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Reaching new heights through adaptive sports

Team Charleston at the National Disabled Winter Sports Clinic in Aspen Colorado. (Back row from left to right: Iayne Brown, Harold Clark, Joe Cooler, Leslie Williams, Scott Isaacks; front row from left to right: David Bradbury, Joey Williams.) (Courtesy Photo)
Team Charleston at the National Disabled Winter Sports Clinic in Aspen Colorado. (Back row from left to right: Iayne Brown, Harold Clark, Joe Cooler, Leslie Williams, Scott Isaacks; front row from left to right: David Bradbury, Joey Williams.) (Courtesy Photo)

An attitude can make all the difference in the world.

It changes how you approach each day and it directs how you face challenges. Veterans with disabilities face daily obstacles, but with a positive outlook and an adaptive sports program hosted by the Veterans Health Administration – Veterans are accomplishing astonishing feats.

This year, Ralph H. Johnson VA Medical Center sponsored four Veterans to attend the National Disabled Veterans Winter Sports Clinic in Aspen, Colorado, during the first week of April. This annual adaptive sport clinic gives profoundly disabled Veterans an opportunity for self-development and challenge through education, sports and leisure. At the event, Veterans are taught how to ski with adaptive equipment and guides, if needed, and introduced to other adaptive activities. The end goal is to support the Veteran’s healing of body and spirit and empower them to lead an active and healthy lifestyle while improving their independence.

U.S. Air Force Veteran Joe Cooler is visually impaired and has been to the Winter Sports Clinic seven times – each time he’s learned more ski techniques and accomplished new goals.

“This year I did not fall the whole week, not once until the very last day,” said Cooler. “Whenever I go up the mountain, I always feel like I can go higher.”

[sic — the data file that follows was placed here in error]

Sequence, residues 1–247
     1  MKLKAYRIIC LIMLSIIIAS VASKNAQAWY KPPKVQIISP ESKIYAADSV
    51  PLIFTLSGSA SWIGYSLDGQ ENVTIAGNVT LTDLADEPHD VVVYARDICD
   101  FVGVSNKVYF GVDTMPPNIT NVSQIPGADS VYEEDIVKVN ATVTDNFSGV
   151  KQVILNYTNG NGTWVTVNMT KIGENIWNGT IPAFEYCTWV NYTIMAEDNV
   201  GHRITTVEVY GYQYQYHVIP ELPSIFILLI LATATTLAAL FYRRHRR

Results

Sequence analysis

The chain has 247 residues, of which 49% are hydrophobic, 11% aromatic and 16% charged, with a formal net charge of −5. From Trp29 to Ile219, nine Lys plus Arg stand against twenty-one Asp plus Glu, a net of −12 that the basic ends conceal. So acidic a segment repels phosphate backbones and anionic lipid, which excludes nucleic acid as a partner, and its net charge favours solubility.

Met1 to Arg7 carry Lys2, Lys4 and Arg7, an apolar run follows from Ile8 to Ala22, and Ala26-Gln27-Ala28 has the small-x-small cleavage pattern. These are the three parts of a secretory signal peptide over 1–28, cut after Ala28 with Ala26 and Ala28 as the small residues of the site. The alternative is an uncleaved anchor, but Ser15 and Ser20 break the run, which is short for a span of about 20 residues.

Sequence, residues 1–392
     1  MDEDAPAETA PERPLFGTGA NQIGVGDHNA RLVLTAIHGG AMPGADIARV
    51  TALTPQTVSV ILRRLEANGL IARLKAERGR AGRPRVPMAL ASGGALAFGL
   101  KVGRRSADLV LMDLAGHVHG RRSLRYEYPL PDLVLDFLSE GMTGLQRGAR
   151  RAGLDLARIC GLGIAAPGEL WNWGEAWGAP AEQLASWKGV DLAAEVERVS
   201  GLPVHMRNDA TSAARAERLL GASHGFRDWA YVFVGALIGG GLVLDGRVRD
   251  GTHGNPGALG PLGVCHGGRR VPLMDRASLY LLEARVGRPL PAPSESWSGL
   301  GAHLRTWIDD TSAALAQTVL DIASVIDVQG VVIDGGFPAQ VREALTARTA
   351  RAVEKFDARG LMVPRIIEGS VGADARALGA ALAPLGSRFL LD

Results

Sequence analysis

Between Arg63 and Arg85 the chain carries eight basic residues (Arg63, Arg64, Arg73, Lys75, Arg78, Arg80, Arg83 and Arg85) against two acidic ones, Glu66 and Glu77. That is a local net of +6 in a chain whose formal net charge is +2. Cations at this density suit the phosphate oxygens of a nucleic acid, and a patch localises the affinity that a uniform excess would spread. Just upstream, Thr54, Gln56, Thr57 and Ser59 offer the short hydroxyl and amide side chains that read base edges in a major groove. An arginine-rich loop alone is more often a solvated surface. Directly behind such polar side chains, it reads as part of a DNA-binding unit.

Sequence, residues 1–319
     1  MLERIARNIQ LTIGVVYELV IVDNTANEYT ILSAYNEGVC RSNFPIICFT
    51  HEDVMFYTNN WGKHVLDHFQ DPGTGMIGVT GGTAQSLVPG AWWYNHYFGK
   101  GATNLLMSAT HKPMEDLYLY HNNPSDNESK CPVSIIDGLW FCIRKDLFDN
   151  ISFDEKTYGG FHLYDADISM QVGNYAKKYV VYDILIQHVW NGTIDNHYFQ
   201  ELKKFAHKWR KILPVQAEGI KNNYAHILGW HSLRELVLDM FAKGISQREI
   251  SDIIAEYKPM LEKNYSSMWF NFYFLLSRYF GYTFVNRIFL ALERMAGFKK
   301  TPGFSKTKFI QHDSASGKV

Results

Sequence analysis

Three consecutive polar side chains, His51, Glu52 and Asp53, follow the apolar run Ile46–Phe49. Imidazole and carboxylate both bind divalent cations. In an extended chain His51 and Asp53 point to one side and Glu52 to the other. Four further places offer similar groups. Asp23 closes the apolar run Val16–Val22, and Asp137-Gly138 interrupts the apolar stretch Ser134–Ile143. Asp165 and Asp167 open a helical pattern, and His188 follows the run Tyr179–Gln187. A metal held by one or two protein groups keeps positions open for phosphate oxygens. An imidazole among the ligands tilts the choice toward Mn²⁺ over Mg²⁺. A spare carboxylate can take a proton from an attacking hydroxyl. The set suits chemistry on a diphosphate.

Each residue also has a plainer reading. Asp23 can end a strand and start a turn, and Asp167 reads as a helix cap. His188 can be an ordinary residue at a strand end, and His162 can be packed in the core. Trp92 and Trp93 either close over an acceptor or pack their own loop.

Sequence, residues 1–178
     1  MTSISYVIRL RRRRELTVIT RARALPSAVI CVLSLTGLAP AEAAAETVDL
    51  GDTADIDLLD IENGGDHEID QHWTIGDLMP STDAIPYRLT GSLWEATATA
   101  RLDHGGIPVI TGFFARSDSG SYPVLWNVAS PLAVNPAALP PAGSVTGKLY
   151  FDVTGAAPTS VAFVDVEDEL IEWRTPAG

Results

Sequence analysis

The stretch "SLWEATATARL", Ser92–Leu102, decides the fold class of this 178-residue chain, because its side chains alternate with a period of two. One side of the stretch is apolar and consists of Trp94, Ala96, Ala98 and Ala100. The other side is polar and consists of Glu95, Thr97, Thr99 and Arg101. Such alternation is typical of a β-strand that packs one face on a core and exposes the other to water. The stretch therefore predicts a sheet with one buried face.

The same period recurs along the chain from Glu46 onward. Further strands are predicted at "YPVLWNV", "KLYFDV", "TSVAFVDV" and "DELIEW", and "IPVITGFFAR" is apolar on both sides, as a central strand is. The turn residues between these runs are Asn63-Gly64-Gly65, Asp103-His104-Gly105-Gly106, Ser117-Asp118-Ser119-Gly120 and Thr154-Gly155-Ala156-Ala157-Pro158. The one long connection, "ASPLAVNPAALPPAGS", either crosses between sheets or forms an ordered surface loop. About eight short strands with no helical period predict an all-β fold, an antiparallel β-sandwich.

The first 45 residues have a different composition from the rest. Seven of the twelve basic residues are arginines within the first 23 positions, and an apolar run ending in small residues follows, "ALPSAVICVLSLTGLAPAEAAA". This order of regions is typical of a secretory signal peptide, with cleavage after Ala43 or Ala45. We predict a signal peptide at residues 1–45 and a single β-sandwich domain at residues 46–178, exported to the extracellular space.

This year he also went from using two guides to one guide to help navigate the slopes, gaining more independence down the mountain.

“Adaptive sports opened up my eyes and let me know I can do anything I want to do,” said Cooler.

While Cooler has been to the clinic several times, he was excited to attend as part of Team Charleston this year.

“This was the first year we had a team and a coach,” said Cooler. “In the past, we didn’t even know other Charleston VA people were going. We were looking out for each other.”

First-year coach Iayne Brown is a Charleston VAMC Physical Therapy Assistant and volunteered to coach the 2019 team of Veterans.

“It was rewarding to see the whole thing come together and to see the Veterans being able to experience success at the clinic,” said Brown.

During their time in Colorado, the team gathered for dinner with Charleston VAMC Director Scott Isaacks, who was volunteering as a boot loader at the clinic. Brown shares that the Veterans were celebrating each other’s accomplishments and were noticeably proud of their own achievements.

“It was so nice to see the Veterans supporting each other,” said Brown.

U.S. Marine Corps Veteran and Charleston VAMC Chief of Prosthetics David Bradbury attended as an athlete. Bradbury has a spinal cord injury and is wheelchair bound. He’s been to the event several times, but this year he was able to have a different experience. Unable to ski this year, Bradbury was able to participate in two events he’d never tried before – archery and curling.

“Archery was a great experience,” said Bradbury. “I’ve never picked up a bow a day in my life. With my second arrow I hit a bullseye. That was a pretty good feeling.”

Bradbury was impressed with the knowledge of the instructors and how they worked with the Veterans to utilize the adaptive equipment to accommodate whatever disability they had. One of the Veterans he was most impressed with was a hemiplegic using his teeth to shoot the bow.

Bradbury and Cooler were able to fish alongside each other on what Bradbury describes as a “absolutely beautiful day.” The rainbow trout they caught in the morning were being fileted on the spot and that is what the Veterans ate for lunch that day.

“I caught two fish at one time – that was the highlight of my year,” said Cooler, who grew up fishing with his father.

Coach Brown said watching Cooler catch those two fish and having a first-time participant call her to tell her he had an “awesome day” are the two memories that stand out the most.

“Overall, I’m extremely happy that I volunteered, and I definitely got out more than I thought,” said Brown.

Brown plans to return next year as the team coach and hopes that more Veterans will come join Team Charleston at the Winter Sports Clinic.

If you’re interested in learning more about VA’s adaptive sport events visit https://www.blogs.va.gov/nvspse/ or email Charleston VAMC at vhachasports@va.gov.

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